SONOSIM SUMMARY: This study sought to evaluate the impact of medical student-performed point-of-care ultrasound (SP-POCUS) in the clinical setting. Participating medical students had recently completed their first year of medical school, which included integrated hands-on ultrasonography training using normal human models. The students also completed approximately 15 hours of online didactic content by that consisted of 13 SonoSim® Modules. Results showed SP-POCUS altered medical management in 17.3% of scans performed. Physician agreed with 94.7% of SP-POCUS diagnoses. The study concludes that SP-POCUS could serve as a stepping-stone in developing ultrasound skills for medical students while positively impacting clinical care.
Udrea D, Sumnicht A, Lo D, et al. Effects of student-performed point-of-care ultrasound on physician diagnosis and management of patients in the emergency department. Ultrasound in Emergency Medicine Vol. 53, No. 1, pp 102-109, 2017.
Despite the increasing integration of ultrasound training into medical education, there is an inadequate body of research demonstrating the benefits and practicality of medical student–performed point-of-care ultrasound (SP-POCUS) in the clinical setting.
The primary purpose of this study was to evaluate the effects that SP-POCUS can have on physician diagnosis and management of patients in the emergency department, with a secondary purpose of evaluating the diagnostic accuracy of SP-POCUS.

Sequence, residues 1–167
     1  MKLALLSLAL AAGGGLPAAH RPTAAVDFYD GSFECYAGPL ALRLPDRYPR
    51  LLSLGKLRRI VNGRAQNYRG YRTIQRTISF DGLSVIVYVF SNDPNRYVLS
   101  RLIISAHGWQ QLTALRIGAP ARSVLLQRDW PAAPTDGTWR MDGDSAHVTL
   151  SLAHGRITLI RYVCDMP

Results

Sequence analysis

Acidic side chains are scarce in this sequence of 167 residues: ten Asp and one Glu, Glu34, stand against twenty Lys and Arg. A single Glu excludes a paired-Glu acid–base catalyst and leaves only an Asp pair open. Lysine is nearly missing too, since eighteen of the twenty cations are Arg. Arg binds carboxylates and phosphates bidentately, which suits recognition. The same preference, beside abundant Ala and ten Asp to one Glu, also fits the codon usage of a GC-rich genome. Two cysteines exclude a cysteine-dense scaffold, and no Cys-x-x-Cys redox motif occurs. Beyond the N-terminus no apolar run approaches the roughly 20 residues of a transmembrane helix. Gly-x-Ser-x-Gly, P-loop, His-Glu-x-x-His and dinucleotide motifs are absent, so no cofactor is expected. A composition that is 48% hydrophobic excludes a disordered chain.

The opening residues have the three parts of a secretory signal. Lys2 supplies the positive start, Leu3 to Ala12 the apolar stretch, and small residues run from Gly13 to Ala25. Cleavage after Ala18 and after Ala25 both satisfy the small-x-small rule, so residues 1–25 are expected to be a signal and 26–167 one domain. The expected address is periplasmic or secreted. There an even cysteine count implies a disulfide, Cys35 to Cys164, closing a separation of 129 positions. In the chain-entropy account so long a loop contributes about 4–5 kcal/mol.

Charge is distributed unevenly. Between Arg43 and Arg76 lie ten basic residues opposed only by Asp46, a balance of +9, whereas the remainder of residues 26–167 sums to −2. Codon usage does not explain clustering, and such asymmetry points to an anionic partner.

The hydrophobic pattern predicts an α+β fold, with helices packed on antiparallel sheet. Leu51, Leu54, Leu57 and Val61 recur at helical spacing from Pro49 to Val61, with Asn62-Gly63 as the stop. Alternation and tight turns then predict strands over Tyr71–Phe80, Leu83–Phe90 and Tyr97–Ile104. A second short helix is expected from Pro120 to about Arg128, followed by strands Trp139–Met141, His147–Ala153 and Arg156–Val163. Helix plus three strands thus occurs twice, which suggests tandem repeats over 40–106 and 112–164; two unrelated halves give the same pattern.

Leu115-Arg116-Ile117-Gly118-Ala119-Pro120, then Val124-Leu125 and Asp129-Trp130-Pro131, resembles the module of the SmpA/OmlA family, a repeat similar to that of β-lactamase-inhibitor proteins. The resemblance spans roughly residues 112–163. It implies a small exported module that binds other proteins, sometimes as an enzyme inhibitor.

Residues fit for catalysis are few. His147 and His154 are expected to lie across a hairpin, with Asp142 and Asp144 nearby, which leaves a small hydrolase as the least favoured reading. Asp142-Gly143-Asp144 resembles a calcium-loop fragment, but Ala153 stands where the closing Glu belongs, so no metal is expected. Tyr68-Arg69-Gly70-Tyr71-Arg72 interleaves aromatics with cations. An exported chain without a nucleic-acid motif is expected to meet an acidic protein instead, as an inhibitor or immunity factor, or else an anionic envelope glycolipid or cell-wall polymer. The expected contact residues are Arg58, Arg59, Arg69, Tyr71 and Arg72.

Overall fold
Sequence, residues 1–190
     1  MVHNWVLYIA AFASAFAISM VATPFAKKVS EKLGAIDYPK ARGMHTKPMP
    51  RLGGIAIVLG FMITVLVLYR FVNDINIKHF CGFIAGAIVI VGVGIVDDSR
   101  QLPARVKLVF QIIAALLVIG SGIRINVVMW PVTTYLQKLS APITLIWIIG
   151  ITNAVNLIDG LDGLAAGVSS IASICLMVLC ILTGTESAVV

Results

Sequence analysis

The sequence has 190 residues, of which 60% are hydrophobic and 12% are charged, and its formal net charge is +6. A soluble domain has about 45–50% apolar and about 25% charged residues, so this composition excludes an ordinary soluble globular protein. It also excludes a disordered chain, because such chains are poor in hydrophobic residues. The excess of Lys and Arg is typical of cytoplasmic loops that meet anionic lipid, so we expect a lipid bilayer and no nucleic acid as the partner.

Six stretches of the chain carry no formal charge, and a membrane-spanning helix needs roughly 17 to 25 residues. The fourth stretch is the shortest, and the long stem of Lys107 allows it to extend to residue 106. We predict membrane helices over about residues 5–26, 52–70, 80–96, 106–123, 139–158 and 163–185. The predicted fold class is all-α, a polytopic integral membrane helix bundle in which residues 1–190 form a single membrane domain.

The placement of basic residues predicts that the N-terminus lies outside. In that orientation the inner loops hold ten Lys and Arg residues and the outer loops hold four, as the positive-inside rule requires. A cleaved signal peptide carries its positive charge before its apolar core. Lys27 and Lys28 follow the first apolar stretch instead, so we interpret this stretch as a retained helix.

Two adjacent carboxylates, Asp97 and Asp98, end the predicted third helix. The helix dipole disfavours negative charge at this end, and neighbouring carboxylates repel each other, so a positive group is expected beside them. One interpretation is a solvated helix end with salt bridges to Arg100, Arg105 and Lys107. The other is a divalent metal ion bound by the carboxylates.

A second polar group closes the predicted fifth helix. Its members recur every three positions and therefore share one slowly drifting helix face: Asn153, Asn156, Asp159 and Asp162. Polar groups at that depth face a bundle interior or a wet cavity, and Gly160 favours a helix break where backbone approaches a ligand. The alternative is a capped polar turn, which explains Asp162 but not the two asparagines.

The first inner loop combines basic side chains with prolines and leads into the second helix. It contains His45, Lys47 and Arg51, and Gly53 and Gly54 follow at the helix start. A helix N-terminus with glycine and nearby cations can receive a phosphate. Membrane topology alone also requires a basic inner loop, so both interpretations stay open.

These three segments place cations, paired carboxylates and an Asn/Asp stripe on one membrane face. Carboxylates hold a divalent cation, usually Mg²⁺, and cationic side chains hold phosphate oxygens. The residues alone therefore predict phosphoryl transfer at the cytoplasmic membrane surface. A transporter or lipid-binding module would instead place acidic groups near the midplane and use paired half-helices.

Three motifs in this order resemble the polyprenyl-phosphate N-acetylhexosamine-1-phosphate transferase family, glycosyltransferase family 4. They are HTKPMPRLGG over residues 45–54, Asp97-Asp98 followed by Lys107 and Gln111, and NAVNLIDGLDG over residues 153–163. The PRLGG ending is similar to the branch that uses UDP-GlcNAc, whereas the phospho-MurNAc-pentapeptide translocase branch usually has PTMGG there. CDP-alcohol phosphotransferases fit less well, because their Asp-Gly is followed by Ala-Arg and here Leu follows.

SP-POCUS examinations were performed in the emergency department by medical students who completed year one of a 4-year medical school curriculum with integrated ultrasound training. Scans were evaluated by an emergency physician who then completed a survey to record any changes in diagnosis and management.
A total of 641 scans were performed on the 482 patients enrolled in this study. SP-POCUS resulted in a change in management in 17.3% of scans performed. For 12.4% of scans, SP-POCUS discovered a new diagnosis. SP-POCUS reduced time to disposition 33.5% of the time. Because of SP-POCUS, physicians avoided ordering an additional imaging study for 53.0% of the scans performed. There was 94.7% physician agreement with SP-POCUS diagnosis.
This study showed that SP-POCUS is feasible and may potentially have a meaningful impact on physician diagnosis and management of patients in the emergency department. In addition, the implementation of SP-POCUS could serve as an ideal method of developing ultrasound skills in medical school while positively impacting patient care.
To read the article, visit the Journal of Emergency Medicine website.
SonoSim Keywords: Ultrasound Education, Ultrasound Training, Emergency Medicine